If the government fails to disburse the full capitation money, public schools may face early closures.
The issue arose in the 2021/22 financial year when the government did not provide the complete capitation amount, resulting in schools missing out on approximately Sh5,000.
The situation may repeat in the current academic year (2022/2023), with the government still owing Sh4,300 per student.
This shortfall has raised concerns among education authorities, including the Kenya Secondary Schools Heads Association chairman, Indimuli Kahi who warned that schools might experience a second consecutive year of reduced funding for free primary education and free day secondary education.
Indimuli emphasized that these funds should have been deposited before the end of the term, as schools are scheduled to close on August 12 for a three-week break ending on August 27.
The timely release of funds is crucial for school principals to effectively plan their activities, including two weeks of teaching, learning, and conducting end-of-term examinations.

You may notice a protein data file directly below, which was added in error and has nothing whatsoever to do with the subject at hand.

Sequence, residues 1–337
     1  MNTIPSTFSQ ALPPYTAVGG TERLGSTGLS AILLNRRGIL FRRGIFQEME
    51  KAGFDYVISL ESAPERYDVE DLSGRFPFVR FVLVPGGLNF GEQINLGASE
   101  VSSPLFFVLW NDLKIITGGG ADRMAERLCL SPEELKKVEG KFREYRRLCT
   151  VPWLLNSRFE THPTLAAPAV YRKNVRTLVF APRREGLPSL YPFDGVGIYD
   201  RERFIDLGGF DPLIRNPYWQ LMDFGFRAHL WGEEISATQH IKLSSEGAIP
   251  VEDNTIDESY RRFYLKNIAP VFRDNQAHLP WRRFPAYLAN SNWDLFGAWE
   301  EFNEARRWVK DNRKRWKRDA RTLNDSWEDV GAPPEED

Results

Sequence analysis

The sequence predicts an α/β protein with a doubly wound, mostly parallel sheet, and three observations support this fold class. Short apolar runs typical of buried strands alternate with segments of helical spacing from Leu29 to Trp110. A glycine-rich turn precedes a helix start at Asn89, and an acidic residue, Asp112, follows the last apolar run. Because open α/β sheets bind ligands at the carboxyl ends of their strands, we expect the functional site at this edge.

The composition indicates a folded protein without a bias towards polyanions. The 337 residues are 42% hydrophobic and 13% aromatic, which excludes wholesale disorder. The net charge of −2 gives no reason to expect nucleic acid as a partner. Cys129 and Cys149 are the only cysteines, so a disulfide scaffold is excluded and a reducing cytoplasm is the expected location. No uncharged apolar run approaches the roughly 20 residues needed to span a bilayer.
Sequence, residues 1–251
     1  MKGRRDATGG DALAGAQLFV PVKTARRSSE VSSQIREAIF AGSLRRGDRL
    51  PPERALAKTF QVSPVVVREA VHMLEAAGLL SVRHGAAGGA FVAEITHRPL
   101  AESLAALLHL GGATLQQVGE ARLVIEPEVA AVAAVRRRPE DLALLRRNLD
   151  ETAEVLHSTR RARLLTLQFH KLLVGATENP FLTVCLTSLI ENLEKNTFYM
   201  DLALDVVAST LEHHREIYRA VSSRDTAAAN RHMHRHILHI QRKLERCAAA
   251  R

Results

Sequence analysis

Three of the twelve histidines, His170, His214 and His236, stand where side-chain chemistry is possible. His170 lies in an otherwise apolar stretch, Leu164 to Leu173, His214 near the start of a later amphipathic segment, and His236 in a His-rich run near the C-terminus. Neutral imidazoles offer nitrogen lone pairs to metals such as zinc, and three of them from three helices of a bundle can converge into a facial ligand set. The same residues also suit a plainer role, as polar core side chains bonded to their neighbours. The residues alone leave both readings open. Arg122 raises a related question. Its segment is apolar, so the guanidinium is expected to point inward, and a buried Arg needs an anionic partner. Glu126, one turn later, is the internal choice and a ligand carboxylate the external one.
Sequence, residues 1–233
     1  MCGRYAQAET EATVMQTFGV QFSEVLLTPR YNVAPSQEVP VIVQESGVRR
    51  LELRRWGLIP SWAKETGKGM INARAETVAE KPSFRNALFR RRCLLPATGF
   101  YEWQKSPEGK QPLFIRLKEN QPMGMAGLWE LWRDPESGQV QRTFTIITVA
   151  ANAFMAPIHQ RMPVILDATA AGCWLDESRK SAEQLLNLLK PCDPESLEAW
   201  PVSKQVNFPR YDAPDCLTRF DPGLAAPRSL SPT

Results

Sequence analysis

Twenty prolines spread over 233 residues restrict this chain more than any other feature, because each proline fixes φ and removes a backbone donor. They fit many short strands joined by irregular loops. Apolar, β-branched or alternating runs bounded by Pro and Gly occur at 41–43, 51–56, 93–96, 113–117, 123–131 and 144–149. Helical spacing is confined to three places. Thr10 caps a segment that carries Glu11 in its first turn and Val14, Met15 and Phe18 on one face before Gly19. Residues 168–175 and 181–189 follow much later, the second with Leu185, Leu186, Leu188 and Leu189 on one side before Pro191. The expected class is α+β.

Johnson Nzioka, the Kenya Primary Schools Heads Association chairman, expressed that the ongoing underfunding of schools by the government is making it challenging for schools to meet their day-to-day operational needs.
In light of the financial constraints, some Public schools heads are considering early closures as a measure to save on operational costs.
“We did not receive the full capitation amount in the 2021/22 financial year and we are yet to receive the full amount of the current 2022/23 financial year,” Indimuli said.
Indimuli mentioned that the schools received only Sh4,150 per student on June 12, falling short of the required capitation amount.
This situation has created a ripple effect, pushing schools into debt and straining their limited resources in catering to the entire student population’s needs.
Indimuli highlighted the urgency of the situation, with schools heading towards end-of-term exams while facing financial challenges, including the need to pay non-teaching staff.
Contrary to the concerns raised by education authorities, the Basic Education PS Belio Kipsang asserted that all the money had been sent to schools.
Ps Belio made the announcement during the closure of an international curriculum conference at the Kenya Institute of Curriculum Development (KICD) in Nairobi.
In June, Education CS Ezekiel Mochogu acknowledged the delay in the disbursement of funds, promising to release the capitation funds following pressure from school heads.